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Home Brew Forums > Home Brewing Beer > All Grain & Partial Mash Brewing > First all grain and PH
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Old 11-30-2012, 10:21 PM   #11
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No water source is ideal for all beers. Learning what to adjust and how to adjust it is the whole point of brewing water chemistry adjustments. It sounds like the Dong has high alkalinity and can't brew a pale beer, but it may turn out that a fine darker beer can be brewed. A little learning could make it possible for that water to make better pale beers.

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Old 11-30-2012, 10:24 PM   #12
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IMO, unless you have extreme water, if you don't worry about the mash pH, you're probably going to be fine. Many good homebrews have been made without considering it.

That being said, paying attention to mash pH will probably improve your beers and help to brew more consistently. It's something to consider as you learn more about the hobby.

Personally, I'd be more concerned about the pH of the sparge water than the mash.

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Old 12-01-2012, 12:09 AM   #13
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I'm the first one to admit that even I don't understand the intricacies of water chemistry, but there is more to it than just looking at the pH.

"High" pH basically means nothing if the water is not very alkaline, which glancing at this water sheet it appears to not be alkaline at all. Akaline water resists pH change better than non-alkaline water. This water has very little alkalinity, so I don't theoretically see the grains having a tough time handling a pH of 7. Unfortunately some of the other important ions are missing from this brew sheet, so that's hard to really say if its "suitable" or not

To the originator of this thread: is your tap water pretty bad? Why do you use bottled water?

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Old 12-01-2012, 02:02 AM   #14
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Quote:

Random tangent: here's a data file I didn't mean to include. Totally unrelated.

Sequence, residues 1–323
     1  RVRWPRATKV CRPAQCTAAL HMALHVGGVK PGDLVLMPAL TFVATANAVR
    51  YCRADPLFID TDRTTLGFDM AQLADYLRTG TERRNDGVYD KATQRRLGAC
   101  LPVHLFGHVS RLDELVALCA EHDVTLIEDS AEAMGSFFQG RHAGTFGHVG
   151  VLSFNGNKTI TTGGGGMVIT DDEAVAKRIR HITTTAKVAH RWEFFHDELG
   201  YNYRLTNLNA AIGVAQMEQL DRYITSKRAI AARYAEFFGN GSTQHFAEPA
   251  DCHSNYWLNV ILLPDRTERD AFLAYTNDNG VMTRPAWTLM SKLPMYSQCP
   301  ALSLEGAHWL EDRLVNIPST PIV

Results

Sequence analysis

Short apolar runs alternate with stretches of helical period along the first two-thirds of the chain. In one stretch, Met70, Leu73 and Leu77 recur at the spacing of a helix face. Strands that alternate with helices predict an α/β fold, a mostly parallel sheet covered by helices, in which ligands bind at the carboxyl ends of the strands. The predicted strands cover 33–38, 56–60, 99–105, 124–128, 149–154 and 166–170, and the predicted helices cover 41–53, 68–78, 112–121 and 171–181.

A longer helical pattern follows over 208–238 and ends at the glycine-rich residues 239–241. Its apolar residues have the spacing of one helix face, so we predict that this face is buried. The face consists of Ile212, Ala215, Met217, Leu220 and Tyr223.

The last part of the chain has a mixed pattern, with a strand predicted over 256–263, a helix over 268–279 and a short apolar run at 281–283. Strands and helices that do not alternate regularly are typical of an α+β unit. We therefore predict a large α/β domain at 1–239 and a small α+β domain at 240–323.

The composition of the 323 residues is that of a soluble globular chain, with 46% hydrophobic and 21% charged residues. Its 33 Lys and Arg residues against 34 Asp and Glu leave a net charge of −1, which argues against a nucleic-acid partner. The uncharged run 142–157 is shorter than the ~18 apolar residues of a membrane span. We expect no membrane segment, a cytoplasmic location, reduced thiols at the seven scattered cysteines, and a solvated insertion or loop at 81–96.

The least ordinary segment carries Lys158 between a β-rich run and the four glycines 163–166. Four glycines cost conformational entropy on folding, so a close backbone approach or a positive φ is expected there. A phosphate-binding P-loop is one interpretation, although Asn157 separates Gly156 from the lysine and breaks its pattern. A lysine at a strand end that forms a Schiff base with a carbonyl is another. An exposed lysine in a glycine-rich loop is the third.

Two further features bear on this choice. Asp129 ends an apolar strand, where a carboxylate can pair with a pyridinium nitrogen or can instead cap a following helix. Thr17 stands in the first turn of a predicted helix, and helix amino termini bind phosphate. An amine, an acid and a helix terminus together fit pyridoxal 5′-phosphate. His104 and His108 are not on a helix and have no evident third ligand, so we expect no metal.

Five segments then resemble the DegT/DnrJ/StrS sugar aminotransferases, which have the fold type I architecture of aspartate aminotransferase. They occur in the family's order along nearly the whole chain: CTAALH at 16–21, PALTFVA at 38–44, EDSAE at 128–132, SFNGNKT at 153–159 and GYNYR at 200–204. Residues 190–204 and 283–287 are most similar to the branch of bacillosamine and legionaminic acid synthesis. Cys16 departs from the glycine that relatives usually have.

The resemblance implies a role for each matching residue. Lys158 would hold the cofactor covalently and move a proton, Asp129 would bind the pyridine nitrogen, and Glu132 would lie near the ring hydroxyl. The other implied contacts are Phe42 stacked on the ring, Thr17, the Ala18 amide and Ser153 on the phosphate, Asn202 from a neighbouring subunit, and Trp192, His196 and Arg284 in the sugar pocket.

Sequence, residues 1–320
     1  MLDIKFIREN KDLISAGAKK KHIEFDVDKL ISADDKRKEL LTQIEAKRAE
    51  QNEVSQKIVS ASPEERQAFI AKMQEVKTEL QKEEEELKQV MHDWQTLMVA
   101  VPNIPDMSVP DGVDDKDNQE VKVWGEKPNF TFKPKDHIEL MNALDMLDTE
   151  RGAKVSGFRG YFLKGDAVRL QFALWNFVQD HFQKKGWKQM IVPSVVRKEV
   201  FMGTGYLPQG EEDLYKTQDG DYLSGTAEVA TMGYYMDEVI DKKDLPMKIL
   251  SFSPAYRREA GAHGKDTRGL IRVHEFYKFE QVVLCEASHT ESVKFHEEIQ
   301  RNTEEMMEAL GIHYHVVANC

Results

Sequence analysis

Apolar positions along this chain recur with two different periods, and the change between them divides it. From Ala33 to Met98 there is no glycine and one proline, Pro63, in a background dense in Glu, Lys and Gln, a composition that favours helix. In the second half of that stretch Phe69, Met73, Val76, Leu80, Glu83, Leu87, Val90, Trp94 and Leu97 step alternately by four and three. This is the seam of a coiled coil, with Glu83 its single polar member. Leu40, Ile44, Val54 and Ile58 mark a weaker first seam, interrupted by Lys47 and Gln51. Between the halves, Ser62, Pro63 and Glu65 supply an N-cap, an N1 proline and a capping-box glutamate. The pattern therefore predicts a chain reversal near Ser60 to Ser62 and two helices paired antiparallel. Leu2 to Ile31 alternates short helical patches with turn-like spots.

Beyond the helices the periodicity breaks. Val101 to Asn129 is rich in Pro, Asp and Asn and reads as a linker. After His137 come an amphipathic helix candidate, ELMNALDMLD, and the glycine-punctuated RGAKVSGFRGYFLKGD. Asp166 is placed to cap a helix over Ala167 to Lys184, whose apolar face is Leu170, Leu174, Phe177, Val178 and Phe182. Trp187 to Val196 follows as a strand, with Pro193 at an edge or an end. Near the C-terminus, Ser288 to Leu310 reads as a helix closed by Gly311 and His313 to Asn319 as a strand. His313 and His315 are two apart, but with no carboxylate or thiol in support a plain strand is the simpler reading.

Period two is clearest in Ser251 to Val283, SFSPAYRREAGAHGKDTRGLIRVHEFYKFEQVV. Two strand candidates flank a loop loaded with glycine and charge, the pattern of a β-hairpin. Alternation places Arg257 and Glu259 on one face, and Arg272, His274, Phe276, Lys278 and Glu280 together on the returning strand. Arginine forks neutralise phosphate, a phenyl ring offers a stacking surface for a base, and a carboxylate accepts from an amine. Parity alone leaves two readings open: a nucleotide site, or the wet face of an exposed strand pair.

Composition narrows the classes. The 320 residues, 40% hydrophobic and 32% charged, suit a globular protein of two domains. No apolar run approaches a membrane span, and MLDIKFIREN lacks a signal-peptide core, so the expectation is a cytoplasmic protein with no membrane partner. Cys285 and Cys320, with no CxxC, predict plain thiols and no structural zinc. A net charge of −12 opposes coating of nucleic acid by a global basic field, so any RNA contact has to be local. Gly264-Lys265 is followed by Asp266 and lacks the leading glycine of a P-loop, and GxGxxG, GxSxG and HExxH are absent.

Originally Posted by TheBeerist
To the originator of this thread: is your tap water pretty bad? Why do you use bottled water?
I've been using bottled and extract brewing for about 6 months now. My tap water is very hard and has chlorite in it. I haven't really started looking into my water supply until now when going all grain. I'm currently having my tap water tested, hopefully the results will be back next week.
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Old 12-01-2012, 05:17 AM   #15
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Quote:
Originally Posted by Spartan1979 View Post
I'd be more concerned about the pH of the sparge water than the mash.
That's a good point because alkaline sparge water can lead to a reliably harsh beer. However, a very alkaline mash will extract sugars, but end up with an unpredictable flavor domain, and in my experience, with weird off flavors that are hard to isolate. Inland water has minerals, but places with surface water can be randomly soft compared to standard (ideal?) European water.

There's a tendency in homebrewing to notice how difficult something seems and wait until you're forced to change. Water chemstrity accounts for so much of the substrate of the bee, with all grain, and I believe it's worth biting the bullet to learn about it. Your beers will improve immensely.

To improve a beer, I think these are the ways that have noticeably changed the final product (assuming your process is consistent, and sanitation is clean):

1) water salts and mash pH
2) temperature control
3) starting yeast

See: http://braukaiser.com/wiki/index.php...vs_high_pH.jpg

Right is too high of a pH, making the beer darker than expect via Maillard processes.
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Old 12-02-2012, 08:47 PM   #16
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Thanks everyone!

I went ahead and used the water as is, we will see how it goes. The wort tasted great before I pitched. Unfortunately I had other issues and the OG came out to about 1.042.

As for temp control, I made a fermentation chamber before I started brewing, and I always make yeast starters unless pitching dry.

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Old 12-02-2012, 08:53 PM   #17
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Quote:
Originally Posted by BreezyBrew View Post
Thanks everyone!

I went ahead and used the water as is, we will see how it goes. The wort tasted great before I pitched. Unfortunately I had other issues and the OG came out to about 1.042.

As for temp control, I made a fermentation chamber before I started brewing, and I always make yeast starters unless pitching dry.
That's why pH is one of the last things a new, all grain brewer should be concerned about. As others have said...unless you have some sort of extreme water it won't be that major of a factor. For now I would just concentrate on learning the "intricacies" of your all grain equipment and focus on basic techniques.
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Old 12-02-2012, 10:23 PM   #18
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Quote:
Originally Posted by BreezyBrew
Thanks everyone!

I went ahead and used the water as is, we will see how it goes. The wort tasted great before I pitched. Unfortunately I had other issues and the OG came out to about 1.042.

As for temp control, I made a fermentation chamber before I started brewing, and I always make yeast starters unless pitching dry.
Glad to hear things turned out okay...its all about fine tuning now huh!
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